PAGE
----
So what should managers do when a deadline is going to be busted? Bite the bullet and disclose the reasons, Ramesh suggests. For one thing, it helps limit legal exposure and preserve credibility. When the reason for the late report is innocuous, explaining to investors can also mitigate the market's displeasure. A caveat: While informing investors that a power outage caused earnings delay will calm jitters, disclosure may not make a difference if the company just can’t balance its books.

It's human nature, apparently, to read no news as bad news. Relaying something—anything—about the cause of a late report seems to soothe investors' nerves by preventing them from filling the silence themselves.

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This article originally ran on Rice Business Wisdom and was based on research from K. Ramesh, Tiago Duarte-Silva, Huijing Fu and Christopher F. Noe. K. Ramesh is the Herbert S. Autrey Professor of Accounting at Jones Graduate School of Business at Rice University.

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Building Houston

 
 

Check out this curated list of innovation events in Houston for February. Photo via Getty Images

It's time to look at what's on the agenda for February for Houston innovators — from pitch competitions to networking events.

Here's a roundup of events not to miss this month. Mark your calendars and register accordingly.

Note: This post might be updated to add more events.

Feb. 8 — Digital Marketing Luncheon

Join Insperity, a partner of The Cannon, and digital marketing expert, Danny Gavin, at The Cannon Downtown for a lunch and learn.

The event is Wednesday, February 8, at noon, at The Cannon Downtown. Click here to register.

Feb. 9 — Innovation on Tap: Fred Higgs, Engineering at Rice University

Discuss research in the speaker’s engineering lab at Rice University on key Industry 4.0 technologies, namely additive manufacturing.

The event is Thursday, February 9, at 4 pm, at the Ion. Click here to register.

February 10 — Women in Leadership Conference 

The 23rd annual Women in Leadership Conference will be held in-person at Rice University. The conference has been a beacon of inspiration in the Houston community, empowering women to accomplish their career goals. In panel discussions and interactive workshops, attendees hear from leaders across different industries, explore various approaches to leadership, and discuss future opportunities for success.

The event is Friday, February 10, at 8 am, at McNair Hall at Rice University. Click here to register.

Feb. 15 — Real Talk from Real VCs

Join this event for a candid fireside chat on venture capital and its role in supporting and growing innovative startups.

The event is Wednesday, February 15, at 5:30 pm, at the Ion. Click here to register.

Feb. 16 — Engage VC: Lerer Hippeau

Lerer Hippeau is an early-stage venture capital firm founded and operated in New York City. Since 2010, they have invested in entrepreneurs who embody audacity, endurance, and winning mindset – good people with great ideas who aren't afraid to do hard things. Join the HX Venture Fund to hear Caitlin Strandberg, Partner at Lerer Hippeau discuss her perspective on how to build and scale a great company, what early-stage investors are looking for, why Houston, and market trends among other topics.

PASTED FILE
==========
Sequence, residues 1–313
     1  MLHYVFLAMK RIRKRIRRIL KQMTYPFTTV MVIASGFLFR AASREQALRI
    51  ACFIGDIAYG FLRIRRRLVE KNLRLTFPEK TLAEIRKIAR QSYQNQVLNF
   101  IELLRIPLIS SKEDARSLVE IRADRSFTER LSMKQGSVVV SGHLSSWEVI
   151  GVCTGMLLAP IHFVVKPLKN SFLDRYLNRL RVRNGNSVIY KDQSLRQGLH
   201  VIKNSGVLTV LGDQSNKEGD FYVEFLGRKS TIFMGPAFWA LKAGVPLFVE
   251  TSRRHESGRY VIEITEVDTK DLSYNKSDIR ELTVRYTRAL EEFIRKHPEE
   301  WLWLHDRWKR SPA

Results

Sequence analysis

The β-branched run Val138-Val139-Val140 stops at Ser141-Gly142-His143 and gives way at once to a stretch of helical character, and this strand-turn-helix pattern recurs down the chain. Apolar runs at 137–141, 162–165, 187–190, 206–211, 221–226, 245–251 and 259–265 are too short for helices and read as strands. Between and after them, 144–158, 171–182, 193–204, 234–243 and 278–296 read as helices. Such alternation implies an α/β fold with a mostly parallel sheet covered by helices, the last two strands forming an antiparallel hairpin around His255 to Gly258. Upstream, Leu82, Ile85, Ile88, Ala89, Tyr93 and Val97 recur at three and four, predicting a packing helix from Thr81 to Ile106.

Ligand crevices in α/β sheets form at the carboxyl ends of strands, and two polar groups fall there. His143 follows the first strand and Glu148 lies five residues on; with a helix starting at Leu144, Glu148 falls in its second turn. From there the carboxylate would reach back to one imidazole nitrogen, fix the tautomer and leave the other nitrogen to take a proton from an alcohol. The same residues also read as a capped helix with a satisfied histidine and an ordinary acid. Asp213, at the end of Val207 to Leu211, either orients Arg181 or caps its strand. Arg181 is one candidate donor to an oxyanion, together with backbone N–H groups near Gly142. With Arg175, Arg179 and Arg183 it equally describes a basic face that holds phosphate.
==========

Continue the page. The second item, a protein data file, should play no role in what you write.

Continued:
The event is Thursday, February 16, at 8:30 am, at the Ion. Click here to register.

Feb. 16 — Female Founders and Funders

Calling all rockstar female founders and investors in the Houston area. Mark your calendars for this month's Female Founders and Funders meetup. Coffee and breakfast is provided and the event is free to attend.

The event is Thursday, February 16, at 9 am, at Sesh Coworking. Click here to register.

Feb. 21 — Web3 & HOU: Demystifying the Web3 Space Panel I

Join us to learn more about Web3 and its numerous applications.

The event is Tuesday, February 21, at 6 pm, at the Ion. Click here to register.

Feb. 22 — The Trailblazer’s Guide to Cultivating Authenticity

In this fun and interactive workshop presented by Erica D’Eramo of Two Peirs Consulting, we’ll look at how to foster a leadership style that works for you, even in the absence of role models.

The event is Wednesday, February 22, at 2 pm, at Sesh Coworking. Click here to register.

Feb. 22 — Houston Startup Showcase

The Houston Startup Showcase is a year-long series of monthly pitch competitions. Founders will pitch at the Ion and compete for the grand prize package. Watch the startups pitch their company and see who the judges will name the champion of the Houston Startup Showcase 2023.

The event is Wednesday, February 22, at 6 pm, at the Ion. Click here to register.

Feb. 23 — Navigating Innovation in the Corporate World

Join us for a fireside chat with leaders from Houston's largest employers, including Microsoft and Chevron to discuss how they have navigated successful careers in technology and innovation.

The event is Thursday, February 23, at 11:30 am, at the Ion. Click here to register.

Feb. 27-March 2 — Houston Tech Rodeo

The Houston Tech Rodeo is a conference showcasing the best and brightest of the Houston startup community in the region and beyond by putting investors, entrepreneurs, industry leaders, and creative minds in a room to talk about the biggest innovations and the future of tech sandwiched by some happy hours and friendly competition.

The events run Monday, February 27, through Thursday, March 2, at various locations in Houston. Click here to register.

Note: This post might be updated to add more events.